I later learned these flowers were snowdrops and are so hardy they sometimes emerge while the snow is still on the ground. Some think this flower may have been the mysterious moly--the flower that Hermes gave Odysseus so that he wouldn't be affected by Circe, the enchantress.
Several years ago I wrote a letter to my wife Kathleen while I was at Pendle Hill in which I described another flower that tugged at my heart. This yellow flower with star-like petals takes over Pendle Hill in April, yet no one knew its name. I was intrigued to learn this flower was called the lesser celandine and was loved by William Wordsworth even more than he loved daffofils.
Inspired by this flower, I wrote the following piece that became the lead story in the spring 2008 issue of Friends Journal.
On Falling in Love with a Weed at Pendle Hill:
A Letter to my Wife Kathleen
As I sat outdoors with friends eating lunch, I looked out across the unkempt lawn and noticed that it was covered with little yellow flowers strewn about like clusters of stars.
“Does anyone know what these little yellow flowers are?” I asked.
“They’re buttercups,” someone said without much interest as she grazed on her salad.
“I’m pretty sure they’re not buttercups,” I replied. “Buttercups are round and when you put them under someone’s chin, you can tell if they like butter.”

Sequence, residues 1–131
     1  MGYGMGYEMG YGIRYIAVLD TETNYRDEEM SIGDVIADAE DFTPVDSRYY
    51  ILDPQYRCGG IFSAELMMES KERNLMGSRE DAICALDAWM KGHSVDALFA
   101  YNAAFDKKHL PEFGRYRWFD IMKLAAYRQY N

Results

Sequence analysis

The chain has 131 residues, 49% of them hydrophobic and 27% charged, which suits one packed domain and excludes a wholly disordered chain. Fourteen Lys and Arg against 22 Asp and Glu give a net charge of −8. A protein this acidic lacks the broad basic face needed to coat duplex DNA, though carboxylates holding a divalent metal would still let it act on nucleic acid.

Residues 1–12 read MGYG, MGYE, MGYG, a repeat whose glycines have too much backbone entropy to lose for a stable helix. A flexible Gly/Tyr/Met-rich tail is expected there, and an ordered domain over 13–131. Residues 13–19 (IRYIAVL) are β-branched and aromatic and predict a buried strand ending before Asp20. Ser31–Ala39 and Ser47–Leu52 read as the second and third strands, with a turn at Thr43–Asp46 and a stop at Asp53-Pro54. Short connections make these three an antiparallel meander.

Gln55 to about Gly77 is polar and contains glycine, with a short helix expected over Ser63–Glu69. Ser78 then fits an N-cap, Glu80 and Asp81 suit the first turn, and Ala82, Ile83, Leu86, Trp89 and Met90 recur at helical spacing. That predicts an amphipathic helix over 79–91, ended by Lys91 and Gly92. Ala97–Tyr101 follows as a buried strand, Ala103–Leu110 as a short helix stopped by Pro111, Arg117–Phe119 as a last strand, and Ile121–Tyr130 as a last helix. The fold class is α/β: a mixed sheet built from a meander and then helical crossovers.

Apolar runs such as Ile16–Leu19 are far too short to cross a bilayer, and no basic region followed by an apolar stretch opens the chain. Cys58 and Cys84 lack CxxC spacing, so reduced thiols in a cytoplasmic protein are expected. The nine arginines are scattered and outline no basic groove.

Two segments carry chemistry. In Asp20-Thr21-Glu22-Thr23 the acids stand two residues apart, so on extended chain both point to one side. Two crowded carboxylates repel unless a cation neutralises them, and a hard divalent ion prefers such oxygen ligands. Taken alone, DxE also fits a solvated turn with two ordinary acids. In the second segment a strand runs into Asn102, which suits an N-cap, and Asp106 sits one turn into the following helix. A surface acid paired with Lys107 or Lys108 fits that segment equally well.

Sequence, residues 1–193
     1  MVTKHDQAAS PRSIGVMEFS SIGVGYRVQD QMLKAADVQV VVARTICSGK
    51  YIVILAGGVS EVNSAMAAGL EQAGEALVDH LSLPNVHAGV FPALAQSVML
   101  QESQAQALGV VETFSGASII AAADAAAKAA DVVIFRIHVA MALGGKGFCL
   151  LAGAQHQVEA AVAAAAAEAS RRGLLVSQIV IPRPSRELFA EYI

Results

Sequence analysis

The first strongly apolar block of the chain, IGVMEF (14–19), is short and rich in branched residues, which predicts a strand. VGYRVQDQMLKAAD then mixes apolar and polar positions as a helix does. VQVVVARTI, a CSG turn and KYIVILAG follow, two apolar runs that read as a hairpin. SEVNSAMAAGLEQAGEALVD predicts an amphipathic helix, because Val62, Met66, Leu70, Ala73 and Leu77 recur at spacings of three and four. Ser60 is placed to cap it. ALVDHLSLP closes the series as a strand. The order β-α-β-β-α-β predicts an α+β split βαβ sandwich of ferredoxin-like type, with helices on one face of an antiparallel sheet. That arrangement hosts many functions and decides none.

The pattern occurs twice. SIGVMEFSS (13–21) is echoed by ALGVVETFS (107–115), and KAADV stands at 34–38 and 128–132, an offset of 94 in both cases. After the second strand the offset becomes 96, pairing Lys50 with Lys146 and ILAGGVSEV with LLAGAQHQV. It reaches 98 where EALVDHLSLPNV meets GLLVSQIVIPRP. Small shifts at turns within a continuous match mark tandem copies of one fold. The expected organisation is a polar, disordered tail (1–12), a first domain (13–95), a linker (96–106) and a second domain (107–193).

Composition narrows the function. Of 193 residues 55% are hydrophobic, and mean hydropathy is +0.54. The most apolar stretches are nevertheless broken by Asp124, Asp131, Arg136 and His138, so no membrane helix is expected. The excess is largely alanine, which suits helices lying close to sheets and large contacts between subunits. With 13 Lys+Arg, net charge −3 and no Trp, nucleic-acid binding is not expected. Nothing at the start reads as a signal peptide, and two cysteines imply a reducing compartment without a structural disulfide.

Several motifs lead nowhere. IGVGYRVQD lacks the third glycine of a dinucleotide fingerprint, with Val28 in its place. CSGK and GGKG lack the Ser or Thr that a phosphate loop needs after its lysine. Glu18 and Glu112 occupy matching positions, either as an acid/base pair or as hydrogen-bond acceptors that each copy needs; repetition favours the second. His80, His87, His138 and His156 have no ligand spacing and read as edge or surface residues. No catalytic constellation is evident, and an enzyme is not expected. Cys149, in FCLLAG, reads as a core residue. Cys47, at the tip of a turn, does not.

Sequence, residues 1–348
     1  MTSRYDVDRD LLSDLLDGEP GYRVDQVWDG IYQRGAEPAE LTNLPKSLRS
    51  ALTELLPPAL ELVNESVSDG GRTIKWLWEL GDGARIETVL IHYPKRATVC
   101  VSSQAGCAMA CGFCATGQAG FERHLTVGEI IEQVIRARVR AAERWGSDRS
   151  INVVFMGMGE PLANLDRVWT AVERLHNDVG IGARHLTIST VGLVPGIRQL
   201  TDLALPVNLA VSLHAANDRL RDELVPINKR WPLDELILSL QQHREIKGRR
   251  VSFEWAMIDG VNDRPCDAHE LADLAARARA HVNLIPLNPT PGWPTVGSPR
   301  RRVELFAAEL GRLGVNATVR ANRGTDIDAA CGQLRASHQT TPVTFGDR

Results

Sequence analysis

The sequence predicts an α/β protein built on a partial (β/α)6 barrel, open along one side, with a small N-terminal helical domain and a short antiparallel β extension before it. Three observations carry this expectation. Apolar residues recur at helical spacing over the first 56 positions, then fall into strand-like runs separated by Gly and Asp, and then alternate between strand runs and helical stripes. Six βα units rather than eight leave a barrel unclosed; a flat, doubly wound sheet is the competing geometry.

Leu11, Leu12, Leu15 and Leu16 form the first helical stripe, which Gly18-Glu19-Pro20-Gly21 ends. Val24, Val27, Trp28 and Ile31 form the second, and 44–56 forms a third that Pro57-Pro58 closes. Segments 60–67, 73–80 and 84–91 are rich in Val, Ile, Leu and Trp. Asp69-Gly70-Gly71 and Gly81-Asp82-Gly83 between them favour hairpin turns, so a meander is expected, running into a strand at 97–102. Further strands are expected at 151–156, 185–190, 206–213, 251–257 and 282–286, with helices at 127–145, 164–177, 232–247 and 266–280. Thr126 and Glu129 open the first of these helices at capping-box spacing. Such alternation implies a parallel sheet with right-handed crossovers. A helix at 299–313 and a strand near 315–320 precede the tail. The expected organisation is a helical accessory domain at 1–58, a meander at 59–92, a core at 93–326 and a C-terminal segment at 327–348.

The memory of buttercups brought smiles to both our faces, but still I wanted to know more about these yellow flowers with star-like petals and heart-shaped leaves. I asked again if anyone knew the flower’s name.
“It’s an invasive weed,” someone else said as if she were talking about an undesirable alien that had moved into the neighborhood. “We have to pull them up all the time in the garden. They’re a nuisance.”
“At least, they’re an attractive nuisance,” I replied.
All day as I went about my other business, I puzzled about this little flower. Its tiny yellow petals reached out to the sun with such joy and hopefulness. Surely it had a name and a story.
I went to the Source of All Knowledge, Google, and found images of hundreds of little yellow flowers, but none were like the ones that blanket Pendle Hill.
Later I had dinner with an interesting young African American man named Adam who told me about his spiritual journey. Born into a Baptist family, he had discovered Islam and then explored various African religions and now was experimenting with Quakerism. As often happens at Pendle Hill, our conversation took a mystical turn and we both agreed that everything is interconnected. We are all One, and yet somehow diverse and individual.
“It’s like those flowers,” I said. “We are all alike and yet unique. Each of us has been given a unique name so we can know each other. As God says in the Bible, I will call you each by name. When we can name each other, we can have a relationship. We can love each other, as God loves us.”
Adam has a beautiful wife with the lovely name Saba and two beautiful children, a boy and a girl, whose names are Morningstar and Little Bear. It’s nice knowing that my new friend’s name is Adam, and that Adam means “earthling” in Hebrew. If I didn’t know Adam’s name, how could I be his friend?
As a wandered about Pendle Hill, enjoying the trees with their nametages, I continued to wonder about the nameless flower that seemed to pop up at my feet wherever I walked.